Alternative microscopy techniques for the identification of malaria parasites are based on fluorochromes such as Acridine Orange. Staining with fluorochromes is rapid (<1 minute) and slides can be rapidly screened at low magnification (x 400), even with low parasitaemia. Acridine dye-stained buffy coat examination (the 'QBC' technique) has been shown to increase the sensitivity of microscopy, but cost and technical concerns have limited its use (Levine et al., 1989; Wongsrichanali et al., 1991; Warhurst and Williams, 1996).
Rapid diagnostic antigen tests using monoclonal antibodies to the P. falciparum histidine-rich protein-2 have been shown to be highly sensitive and reliable (Shiff et al., 1993; Beadle et al., 1994; Garcia et al., 1996; Humar et al., 1997). These tests employ an impregnated strip that gives a colour change when blood containing parasites is added. These tests could be used at the primary health care level in malaria-endemic areas, where microscopy is often unavailable, but, as explained above, may have little influence on the decision to treat and are currently too expensive for most health budgets (although a test costing as little as 0.25 US$ is now available). They could also be invaluable as a screening test in laboratories in non-endemic areas, where low throughput means that personnel often have little experience in the microcopic diagnosis of malaria. They may also assist travellers in the decision to take presumptive self-treatment when in remote areas where medical care is not available. New antigen tests, which differentiate between P. falciparum and other species, are currently being field-tested (Figure 3.8).
Gene amplification methods for the detection of malaria parasites have also been developed (McLaughlin et al., 1993). PCR techniques could have application with low parasitaemia, possible mixed infections or uncertain parasite speciation, as well as for reference studies and microepide-miology (Barker et al., 1992; Snounou et al., 1993; Oliveira et al., 1995) or as research tools for detection of low parasitaemia in sophisticated laboratories (Chen et al., 1998).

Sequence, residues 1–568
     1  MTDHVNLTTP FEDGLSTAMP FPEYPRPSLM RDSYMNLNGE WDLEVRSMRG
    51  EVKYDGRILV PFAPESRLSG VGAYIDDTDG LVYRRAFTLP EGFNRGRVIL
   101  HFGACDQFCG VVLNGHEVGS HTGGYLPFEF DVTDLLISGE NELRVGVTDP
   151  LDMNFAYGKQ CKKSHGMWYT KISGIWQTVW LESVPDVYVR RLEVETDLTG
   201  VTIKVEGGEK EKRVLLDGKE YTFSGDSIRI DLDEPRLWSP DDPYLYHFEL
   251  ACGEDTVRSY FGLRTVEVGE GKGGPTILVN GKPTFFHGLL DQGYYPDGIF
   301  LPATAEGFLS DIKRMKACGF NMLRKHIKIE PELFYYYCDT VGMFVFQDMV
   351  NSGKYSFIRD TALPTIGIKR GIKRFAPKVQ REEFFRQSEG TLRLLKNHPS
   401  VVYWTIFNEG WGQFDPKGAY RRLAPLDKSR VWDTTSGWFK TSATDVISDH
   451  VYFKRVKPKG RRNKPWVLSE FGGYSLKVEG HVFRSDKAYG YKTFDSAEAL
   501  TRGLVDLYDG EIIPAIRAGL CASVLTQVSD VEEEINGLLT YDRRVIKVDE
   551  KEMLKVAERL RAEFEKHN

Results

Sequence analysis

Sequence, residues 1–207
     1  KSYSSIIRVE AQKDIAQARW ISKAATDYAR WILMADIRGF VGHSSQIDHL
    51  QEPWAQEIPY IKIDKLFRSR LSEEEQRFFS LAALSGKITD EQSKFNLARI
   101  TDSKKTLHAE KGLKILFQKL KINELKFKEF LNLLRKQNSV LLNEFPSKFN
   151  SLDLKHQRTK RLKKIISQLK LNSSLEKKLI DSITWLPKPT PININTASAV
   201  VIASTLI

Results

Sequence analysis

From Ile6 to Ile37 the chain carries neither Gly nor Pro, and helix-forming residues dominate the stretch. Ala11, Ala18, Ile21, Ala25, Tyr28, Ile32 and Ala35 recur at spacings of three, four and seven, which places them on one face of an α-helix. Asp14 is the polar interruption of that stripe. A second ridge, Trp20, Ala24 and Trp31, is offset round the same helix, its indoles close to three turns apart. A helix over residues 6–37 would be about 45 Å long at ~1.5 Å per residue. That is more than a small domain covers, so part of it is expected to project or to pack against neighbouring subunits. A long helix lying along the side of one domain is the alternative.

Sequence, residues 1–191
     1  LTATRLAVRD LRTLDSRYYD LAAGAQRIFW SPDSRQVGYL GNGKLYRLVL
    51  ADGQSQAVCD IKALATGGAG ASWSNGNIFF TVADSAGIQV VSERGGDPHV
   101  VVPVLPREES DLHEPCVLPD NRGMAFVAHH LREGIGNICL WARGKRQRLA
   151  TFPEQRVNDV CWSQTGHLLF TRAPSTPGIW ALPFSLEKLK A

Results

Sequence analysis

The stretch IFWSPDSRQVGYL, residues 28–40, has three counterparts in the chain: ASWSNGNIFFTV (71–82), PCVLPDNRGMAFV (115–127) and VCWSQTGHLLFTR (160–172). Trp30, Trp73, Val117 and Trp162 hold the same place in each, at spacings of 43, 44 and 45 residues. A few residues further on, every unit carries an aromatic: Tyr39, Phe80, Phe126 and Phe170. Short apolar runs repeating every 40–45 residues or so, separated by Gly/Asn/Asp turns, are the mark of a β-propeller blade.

IFA, IHA and ELISA assays using cultured P. falciparum-infected erythrocytes as antigen are well-characterised for antibody detection (Lobel et al., 1973; Spencer et al., 1979; Schapira et al., 1984; Srivastava et al., 1991) but are inappropriate for use in the diagnosis of acute malaria, as they reflect exposure rather than acute infection
or clinical immunity. However, in non-endemic areas, serology may be useful for retrospective diagnosis in patients thought to have had malaria and who received therapy. They are untried for excluding malaria in patients with chronic or recurrent febrile illness, and are too insensitive for transfusion blood screening. In areas where malaria is endemic, serological techniques are useful for epidemiological purposes and for the assessment of infection in mosquitoes.
In vitro tests for sensitivity to antimalarial drugs are valuable tools for establishing prevalence and likely degree of clinically relevant drug resistance, but do not help individual patients. Similarly, examination of PCR products for mutations known to be associated with resistance to sulfa drugs or pyrimethamine is of use in research and epidemiological studies.
clinical assessment, and instituting appropriate antimalarial therapy as soon as possible. Treatment depends not only on the species of malaria but also on the severity of illness, the likely susceptibility to antimalarial drugs, and the age and background immunity of the patient.
The clinical examination should focus on temperature, pulse rate, respiratory rate, blood pressure, hydration, pallor, jaundice, splenomegaly, hepatomegaly, neck stiffness, other CNS signs, urinalysis and weight. A lumbar puncture should be performed to exclude bacterial meningitis in patients with suggestive CNS symptoms or signs. Future studies may resolve the issue of whether possible raised intracranial pressure, which is known to be associated with cerebral malaria in some patients, is a contraindication to lumbar puncture on presentation (Newton et al., 1991). If this were the case, it is likely that appropriate therapy for both bacterial meningitis and cerebral malaria would need to be instituted and continued until lumbar puncture was considered to be safe and results were available. The CSF should be normal in cerebral malaria.
P. vivax, P. ovale and P. malariae very rarely produce fatal disease (except as a predisposing factor for a ruptured spleen) but P. falciparum infection may progress rapidly to multi-organ failure and death.
It is important to weigh children so that accurate mg/kg doses of antimalarial drugs can be administered.
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